As previously mentioned, the NFC apparatuses are capable of exchanging data with IC cards or readers/writers constituting existing IC card systems at the transmission rates used by the IC cards or the readers/writers. If the targets are, for example, the IC cards in an existing IC card system, the SDD processing is carried out, for instance, as described below.

The initiator starts radiating electromagnetic waves by the initial RFCA processing, and the IC card, which is the target, obtains the power from the electromagnetic waves to begin the processing. More specifically, in this case, the target is the IC card of the existing IC card system, so that it generates the power to operate from the electromagnetic waves output from the initiator.

The target obtains the power to be ready for the operation, and prepares for receiving a polling request frame within, for example, 2 seconds at the longest to wait for the polling request frame sent from the initiator.

Meanwhile, the initiator can send out the polling request frame regardless of whether or not the target is ready to receive the polling request frame.

When the target receives the polling request frame from the initiator, it sends its polling response frame to the initiator at the timing of the predetermined time slot, as described above. When the initiator properly receives the polling response frame from the target, it recognizes the NFCID of the target, as described above. If the initiator cannot properly receive the polling response frame from the target, then it will resend the polling request frame.

In this case, since the target is an IC card of the existing IC card system, it generates the power to operate from the electromagnetic waves output from the initiator. For this reason, the initiator continues the output of electromagnetic waves started by the initial RFCA processing until the communication with the target is completely finished.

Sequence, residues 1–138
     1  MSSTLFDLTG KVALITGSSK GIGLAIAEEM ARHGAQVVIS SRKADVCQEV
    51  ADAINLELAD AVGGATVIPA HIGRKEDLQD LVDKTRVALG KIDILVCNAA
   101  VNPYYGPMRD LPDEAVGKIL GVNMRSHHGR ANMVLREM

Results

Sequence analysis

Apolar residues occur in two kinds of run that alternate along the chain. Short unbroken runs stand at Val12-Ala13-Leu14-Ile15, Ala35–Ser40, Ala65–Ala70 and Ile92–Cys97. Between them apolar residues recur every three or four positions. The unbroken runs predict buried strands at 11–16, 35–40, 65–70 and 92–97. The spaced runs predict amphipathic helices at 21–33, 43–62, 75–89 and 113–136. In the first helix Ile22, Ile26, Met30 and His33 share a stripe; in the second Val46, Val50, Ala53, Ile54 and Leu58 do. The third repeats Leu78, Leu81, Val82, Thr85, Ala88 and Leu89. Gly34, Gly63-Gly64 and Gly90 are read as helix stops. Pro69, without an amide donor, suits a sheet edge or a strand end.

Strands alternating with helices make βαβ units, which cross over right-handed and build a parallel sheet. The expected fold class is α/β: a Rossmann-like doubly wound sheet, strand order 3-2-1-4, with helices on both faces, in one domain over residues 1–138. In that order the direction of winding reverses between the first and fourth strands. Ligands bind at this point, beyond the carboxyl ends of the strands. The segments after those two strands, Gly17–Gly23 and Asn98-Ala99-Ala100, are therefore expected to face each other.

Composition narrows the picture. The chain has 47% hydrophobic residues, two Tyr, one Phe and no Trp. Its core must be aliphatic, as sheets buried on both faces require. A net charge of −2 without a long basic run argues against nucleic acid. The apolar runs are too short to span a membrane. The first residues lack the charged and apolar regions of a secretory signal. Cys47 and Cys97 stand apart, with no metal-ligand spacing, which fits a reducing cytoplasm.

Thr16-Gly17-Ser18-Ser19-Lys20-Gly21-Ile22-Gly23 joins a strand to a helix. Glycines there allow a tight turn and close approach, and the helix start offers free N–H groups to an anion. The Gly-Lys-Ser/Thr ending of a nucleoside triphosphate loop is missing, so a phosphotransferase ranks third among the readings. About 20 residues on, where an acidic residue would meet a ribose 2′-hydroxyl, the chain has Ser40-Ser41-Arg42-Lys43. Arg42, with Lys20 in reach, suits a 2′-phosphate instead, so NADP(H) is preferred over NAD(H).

Next, in the NFC apparatus, the initiator sends out a command to the target, and the target sends back a response associated with the command from the initiator so as to perform the communication.

FIG. 12 shows the commands sent by an initiator to a target, and the responses sent by the target to the initiator.

Referring to FIG. 12, the ones having the characters “REQ” following the underbars (_) denote commands, while the ones having the characters “RES” following the underbars (_) denote responses. For the embodiment shown in FIG. 12, there are prepared six different commands, ATR_REQ, WUP_REQ, PSL_REQ, DEP_REQ, DSL_REQ and RLS_REQ, and there are also prepared six different responses, ATR_RES, WUP_RES, PSL_RES, DEP_RES, DSL_RES and RLS_RES associated with the above commands. As previously mentioned, an initiator sends the commands (requests) to a target, then the target sends a response associated with the command to the initiator. Hence, the commands are sent from the initiator, while the responses are sent by the target.